I was also very pleased to walk into a room containing one of Brion Gysin’s original dream-machines, and finally fulfilled an ambition to see an example of Burroughs’ “shotgun art” up close and personal. It doesn’t take very long to see the entire collection, but it’s well worth checking out.

And finally… my favourite line to appear in a news report for some time can be found right at the end of this article. Obviously read the thing before checking out the punchline.

Leave a comment  |  Posted in: Opinion


20
Dec 2007

Archaeologies of Consciousness

Having failed to give the excellent Dreamflesh Volume One the glowing review it so richly deserved here on The Quiet Road, Gyrus threatened to “burn down your home, and the homes of everyone you’ve ever met!” unless I at least mentioned his latest tome.

Archaeologies of Consciousness

Well, he’s a man of his word. So I shall do more than just mention it. I shall post a big shiny graphic showing the rather striking cover (designed by Andy Hemmingway) and urge y’all to get hold of this fantastic anthology.

Entitled Archaeologies of Consciousness: Essays In Experimental Prehistory, it’s billed as a collection of writing on “ancient monuments, prehistoric rock art, folklore, mythology, and altered states of consciousness”. But don’t let what may sound like a specialist book on a selection of niche subjects put you off. The essays in this book are explorations of consciousness, of what it means to be human, and of the environment and landscapes that shaped our development. It’s a book that drags these “niche subjects” out of the cosy, dusty libraries in which they’ve locked themselves and takes them for a much needed hike across a windswept moor to get their blood flowing again.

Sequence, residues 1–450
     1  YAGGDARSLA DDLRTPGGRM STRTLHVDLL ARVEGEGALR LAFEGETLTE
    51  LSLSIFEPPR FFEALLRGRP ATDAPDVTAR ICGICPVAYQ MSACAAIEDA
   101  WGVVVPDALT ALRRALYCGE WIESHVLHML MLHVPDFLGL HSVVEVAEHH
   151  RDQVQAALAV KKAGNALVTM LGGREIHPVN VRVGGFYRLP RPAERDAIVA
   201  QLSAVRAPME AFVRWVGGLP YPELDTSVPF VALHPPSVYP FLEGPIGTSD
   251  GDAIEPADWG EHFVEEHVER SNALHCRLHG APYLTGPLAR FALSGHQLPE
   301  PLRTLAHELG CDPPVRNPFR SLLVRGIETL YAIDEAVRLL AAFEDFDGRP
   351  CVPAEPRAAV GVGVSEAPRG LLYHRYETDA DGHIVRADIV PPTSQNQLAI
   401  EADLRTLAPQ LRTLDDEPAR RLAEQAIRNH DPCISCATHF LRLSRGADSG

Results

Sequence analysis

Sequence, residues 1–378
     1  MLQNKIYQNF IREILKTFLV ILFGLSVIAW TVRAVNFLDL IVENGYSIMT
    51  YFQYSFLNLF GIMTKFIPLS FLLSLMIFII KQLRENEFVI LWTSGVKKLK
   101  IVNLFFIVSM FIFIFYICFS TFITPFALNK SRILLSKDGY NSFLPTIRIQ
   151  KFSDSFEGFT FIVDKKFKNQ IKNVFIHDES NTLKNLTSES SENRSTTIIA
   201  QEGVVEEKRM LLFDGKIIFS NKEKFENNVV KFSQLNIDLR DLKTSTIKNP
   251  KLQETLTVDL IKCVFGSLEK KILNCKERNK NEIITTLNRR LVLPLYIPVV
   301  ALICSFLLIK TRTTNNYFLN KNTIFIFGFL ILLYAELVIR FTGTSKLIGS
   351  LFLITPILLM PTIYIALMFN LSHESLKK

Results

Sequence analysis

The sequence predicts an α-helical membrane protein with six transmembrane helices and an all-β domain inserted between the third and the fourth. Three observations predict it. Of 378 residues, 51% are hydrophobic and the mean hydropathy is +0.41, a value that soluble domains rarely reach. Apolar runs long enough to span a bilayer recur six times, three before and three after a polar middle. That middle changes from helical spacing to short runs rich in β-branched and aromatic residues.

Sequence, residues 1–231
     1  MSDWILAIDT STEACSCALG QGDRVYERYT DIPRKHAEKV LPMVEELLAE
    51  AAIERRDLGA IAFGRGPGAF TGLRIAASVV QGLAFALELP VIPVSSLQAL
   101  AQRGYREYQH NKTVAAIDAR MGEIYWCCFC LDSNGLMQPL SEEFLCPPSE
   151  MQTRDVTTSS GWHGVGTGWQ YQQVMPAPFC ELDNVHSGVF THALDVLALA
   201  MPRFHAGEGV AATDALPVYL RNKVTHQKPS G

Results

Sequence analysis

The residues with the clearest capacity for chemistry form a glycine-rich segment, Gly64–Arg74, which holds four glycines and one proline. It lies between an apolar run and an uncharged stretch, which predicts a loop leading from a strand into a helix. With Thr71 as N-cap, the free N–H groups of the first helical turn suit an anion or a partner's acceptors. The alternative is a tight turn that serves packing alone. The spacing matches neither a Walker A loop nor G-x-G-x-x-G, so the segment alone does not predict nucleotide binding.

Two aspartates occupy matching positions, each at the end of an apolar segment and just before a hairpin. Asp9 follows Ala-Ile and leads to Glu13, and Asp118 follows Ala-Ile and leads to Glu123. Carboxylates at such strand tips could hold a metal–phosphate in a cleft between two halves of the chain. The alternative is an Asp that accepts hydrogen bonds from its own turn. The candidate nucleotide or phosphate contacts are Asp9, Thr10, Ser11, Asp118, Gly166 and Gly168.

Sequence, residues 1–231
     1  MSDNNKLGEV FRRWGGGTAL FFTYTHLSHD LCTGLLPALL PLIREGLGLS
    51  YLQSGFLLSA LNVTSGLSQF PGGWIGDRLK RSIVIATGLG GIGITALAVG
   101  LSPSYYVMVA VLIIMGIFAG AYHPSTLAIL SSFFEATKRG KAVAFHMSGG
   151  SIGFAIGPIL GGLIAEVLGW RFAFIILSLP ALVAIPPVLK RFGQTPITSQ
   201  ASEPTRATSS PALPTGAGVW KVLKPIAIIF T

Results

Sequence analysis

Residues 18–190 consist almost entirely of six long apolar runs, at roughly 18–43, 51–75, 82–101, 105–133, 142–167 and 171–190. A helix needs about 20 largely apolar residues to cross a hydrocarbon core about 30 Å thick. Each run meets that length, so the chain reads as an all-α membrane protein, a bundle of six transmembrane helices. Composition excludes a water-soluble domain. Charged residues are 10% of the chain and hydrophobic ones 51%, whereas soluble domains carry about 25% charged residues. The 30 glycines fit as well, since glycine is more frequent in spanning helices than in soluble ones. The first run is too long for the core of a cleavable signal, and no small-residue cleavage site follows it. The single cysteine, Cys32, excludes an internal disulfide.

But what’s it actually about?

[…] in Freudian language [we say] that the operations of the unconscious are structured in terms of primary process, while the thoughts of consciousness (especially verbalized thoughts) are expressed in secondary process.

Nobody, to my knowledge, knows anything about secondary process. But it is ordinarily assumed that everybody knows all about it, so I shall not attempt to describe secondary process in any detail, assuming that you know as much about it as I.

Gregory Bateson | Style, Grace and Information in Primitive Art